Why David Ross pulled Adrian Sampson in fourth inning of Cubs’ loss to Brewers

Sampson allowed one run in 3 1⁄3 innings, but Ross went to Sean Newcomb, who got rocked for six runs in one inning.

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Cubs starting pitcher Adrian Sampson throws during the first inning of a baseball game against the Brewers on Sunday.

Cubs starting pitcher Adrian Sampson throws during the first inning of a baseball game against the Brewers on Sunday.

AP Photos

MILWAUKEE — Cubs manager David Ross saw an opportunity to, as he put it, “go for the game early.” The move backfired in the Cubs’ 9-7 loss to the Brewers on Sunday at American Family Field. 

“Sometimes that happens,” he said. 

It happened in the fourth inning. Cubs starter Adrian Sampson had allowed one run in three innings, on Hunter Renfroe’s third-inning RBI double. Sampson had given up some hard contact, but he — and a strong defensive effort behind him — limited the damage. To open the fourth inning, Sampson induced a groundout from Keston Hiura. 

With the bottom of the lineup coming up and the Cubs holding a 2-1 lead, Ross walked to the mound to make a pitching change. 

“It was shorter than I would have liked it to be,” Sampson said. “But it doesn’t matter how long you’re out there, it’s just one pitch at a time until Rossy comes out there and takes the ball from you.”

He confirmed that he was surprised he didn’t get a longer leash.  

“I would say that if I threw 150 pitches, though,” he said. 

Asked about his thought process in that moment, Ross cited the hard contact, traffic on the bases — Sampson allowed five hits — and Sampson’s high pitch count each inning. He’d thrown 61 pitches by the time Ross pulled him.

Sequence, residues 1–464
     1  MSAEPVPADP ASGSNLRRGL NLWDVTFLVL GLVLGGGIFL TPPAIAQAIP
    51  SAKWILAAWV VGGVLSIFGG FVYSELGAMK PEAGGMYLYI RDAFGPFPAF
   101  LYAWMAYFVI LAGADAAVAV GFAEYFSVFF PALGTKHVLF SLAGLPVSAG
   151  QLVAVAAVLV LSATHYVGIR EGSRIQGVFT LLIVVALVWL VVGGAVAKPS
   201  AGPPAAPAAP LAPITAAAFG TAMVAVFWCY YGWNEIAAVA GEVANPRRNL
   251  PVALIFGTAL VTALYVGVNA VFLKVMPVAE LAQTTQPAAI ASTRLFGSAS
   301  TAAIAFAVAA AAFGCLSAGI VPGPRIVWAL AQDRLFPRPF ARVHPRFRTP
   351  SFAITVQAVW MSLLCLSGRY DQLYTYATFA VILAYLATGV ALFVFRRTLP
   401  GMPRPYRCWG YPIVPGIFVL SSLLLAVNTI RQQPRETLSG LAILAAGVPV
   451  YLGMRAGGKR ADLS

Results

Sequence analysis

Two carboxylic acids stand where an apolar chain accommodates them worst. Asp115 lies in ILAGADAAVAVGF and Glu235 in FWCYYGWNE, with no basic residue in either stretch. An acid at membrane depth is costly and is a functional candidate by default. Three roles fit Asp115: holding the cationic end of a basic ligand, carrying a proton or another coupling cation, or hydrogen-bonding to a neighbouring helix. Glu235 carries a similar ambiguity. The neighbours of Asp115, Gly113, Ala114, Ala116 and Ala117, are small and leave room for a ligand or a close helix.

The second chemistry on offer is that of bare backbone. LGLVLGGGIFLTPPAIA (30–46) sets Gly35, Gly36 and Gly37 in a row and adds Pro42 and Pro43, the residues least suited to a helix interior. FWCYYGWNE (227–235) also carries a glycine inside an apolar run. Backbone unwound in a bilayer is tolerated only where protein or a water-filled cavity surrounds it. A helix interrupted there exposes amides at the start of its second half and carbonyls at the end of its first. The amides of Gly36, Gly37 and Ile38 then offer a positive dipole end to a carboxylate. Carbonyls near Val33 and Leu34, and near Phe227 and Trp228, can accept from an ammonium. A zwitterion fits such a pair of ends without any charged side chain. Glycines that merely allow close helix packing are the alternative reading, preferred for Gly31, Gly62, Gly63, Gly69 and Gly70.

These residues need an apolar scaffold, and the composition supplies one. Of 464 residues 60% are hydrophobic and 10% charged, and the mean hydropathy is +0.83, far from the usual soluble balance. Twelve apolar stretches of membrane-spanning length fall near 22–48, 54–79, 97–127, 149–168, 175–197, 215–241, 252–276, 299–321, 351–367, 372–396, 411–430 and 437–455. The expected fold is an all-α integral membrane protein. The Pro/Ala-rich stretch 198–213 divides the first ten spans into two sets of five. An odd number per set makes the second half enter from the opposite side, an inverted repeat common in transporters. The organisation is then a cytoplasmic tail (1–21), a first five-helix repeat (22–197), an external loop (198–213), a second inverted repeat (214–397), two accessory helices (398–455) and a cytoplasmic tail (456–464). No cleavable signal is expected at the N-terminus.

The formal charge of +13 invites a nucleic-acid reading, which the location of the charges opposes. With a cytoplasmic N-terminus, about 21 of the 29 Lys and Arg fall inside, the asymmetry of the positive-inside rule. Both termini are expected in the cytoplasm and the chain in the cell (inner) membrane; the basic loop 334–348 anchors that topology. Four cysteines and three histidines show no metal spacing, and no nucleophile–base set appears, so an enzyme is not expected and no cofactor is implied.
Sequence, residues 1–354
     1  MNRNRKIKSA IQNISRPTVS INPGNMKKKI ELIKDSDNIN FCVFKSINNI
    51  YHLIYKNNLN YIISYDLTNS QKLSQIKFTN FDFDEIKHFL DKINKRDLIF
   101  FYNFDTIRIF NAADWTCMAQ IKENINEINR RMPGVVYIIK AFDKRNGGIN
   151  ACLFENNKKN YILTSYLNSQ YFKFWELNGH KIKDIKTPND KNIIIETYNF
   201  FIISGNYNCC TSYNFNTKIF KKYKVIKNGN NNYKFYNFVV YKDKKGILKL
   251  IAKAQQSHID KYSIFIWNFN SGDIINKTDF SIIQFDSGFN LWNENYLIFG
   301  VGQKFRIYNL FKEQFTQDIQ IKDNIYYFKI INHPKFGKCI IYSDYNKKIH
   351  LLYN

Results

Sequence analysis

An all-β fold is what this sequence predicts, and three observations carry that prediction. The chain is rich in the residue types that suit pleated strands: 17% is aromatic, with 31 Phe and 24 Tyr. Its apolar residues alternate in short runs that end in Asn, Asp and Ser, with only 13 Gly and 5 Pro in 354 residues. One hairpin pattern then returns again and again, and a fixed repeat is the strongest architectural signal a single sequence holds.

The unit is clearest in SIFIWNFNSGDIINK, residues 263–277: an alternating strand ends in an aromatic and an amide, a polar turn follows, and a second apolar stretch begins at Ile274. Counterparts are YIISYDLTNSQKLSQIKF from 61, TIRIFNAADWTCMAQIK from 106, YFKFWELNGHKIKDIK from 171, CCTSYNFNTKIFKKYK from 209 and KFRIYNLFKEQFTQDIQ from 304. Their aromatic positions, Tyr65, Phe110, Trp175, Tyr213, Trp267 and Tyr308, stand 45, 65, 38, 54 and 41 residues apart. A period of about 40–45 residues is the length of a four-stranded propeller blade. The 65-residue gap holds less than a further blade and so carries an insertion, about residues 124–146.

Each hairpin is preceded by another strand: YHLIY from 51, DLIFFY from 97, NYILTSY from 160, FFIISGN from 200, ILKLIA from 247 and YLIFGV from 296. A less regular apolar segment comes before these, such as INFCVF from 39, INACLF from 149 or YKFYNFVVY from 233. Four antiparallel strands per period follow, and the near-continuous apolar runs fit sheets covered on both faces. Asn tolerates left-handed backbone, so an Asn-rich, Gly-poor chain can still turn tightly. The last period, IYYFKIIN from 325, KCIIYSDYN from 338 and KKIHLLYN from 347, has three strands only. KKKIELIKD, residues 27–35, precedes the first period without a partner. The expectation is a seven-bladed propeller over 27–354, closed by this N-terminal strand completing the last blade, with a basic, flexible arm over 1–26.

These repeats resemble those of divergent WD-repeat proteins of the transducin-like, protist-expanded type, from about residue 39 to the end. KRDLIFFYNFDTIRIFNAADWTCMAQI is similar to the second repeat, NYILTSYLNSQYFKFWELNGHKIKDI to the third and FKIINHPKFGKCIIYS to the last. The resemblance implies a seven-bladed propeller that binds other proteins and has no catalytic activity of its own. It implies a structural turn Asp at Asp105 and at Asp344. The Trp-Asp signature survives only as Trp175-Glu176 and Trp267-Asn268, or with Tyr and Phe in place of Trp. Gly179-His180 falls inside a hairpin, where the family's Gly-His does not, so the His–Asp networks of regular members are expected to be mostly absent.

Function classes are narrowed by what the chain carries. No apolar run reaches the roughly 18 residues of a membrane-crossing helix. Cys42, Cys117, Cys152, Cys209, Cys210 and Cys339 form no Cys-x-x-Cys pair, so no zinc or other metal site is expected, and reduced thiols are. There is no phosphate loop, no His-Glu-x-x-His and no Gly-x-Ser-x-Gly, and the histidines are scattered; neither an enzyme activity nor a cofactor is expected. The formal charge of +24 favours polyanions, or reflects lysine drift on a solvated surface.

“It just looked like he was working really hard,” Ross said, “and I had both lefties down there ready to go in that heavy left-handed lineup. And if they would have pinch-hit for that, then we could have circled back to the right.”

Entering play Sunday, left-handed batters were hitting just .188 against left-hander Sean Newcomb. And Brewers lefty batter Jace Peterson was coming up to bat next. 

Ross called for Newcomb, who put together his worst outing of the season.

“I didn’t expect it to go that way, for sure,” Ross said. “He’s been throwing the ball well.”

Newcomb gave up three consecutive singles and a two-run homer to Christian Yelich before recording an out. Then he walked Rowdy Tellez and got out of the inning when catcher Yan Gomes threw out Tellez attempting to steal. 

To open the fifth, Newcomb issued a walk and gave up a two-run homer to Kolten Wong. Newcomb gave up six runs, a season high, in one inning. 

“The fact that he’s been dominating lefties pretty good, and I don’t think he got one [lefty] out, we’ll just look at if there’s something that he’s giving away,” Ross said.  

Ross didn’t mention it, but pulling Sampson before the end of the fourth also guaranteed the Cubs could get a second replacement player in Toronto. 

The Cubs will put Sampson and Steele on the restricted list for the Blue Jays series because of Canada’s COVID-19 vaccine requirements for entry. Teams aren’t allowed replacement players for starters who go over the threshold in their previous start and aren’t lined up to start in the series.

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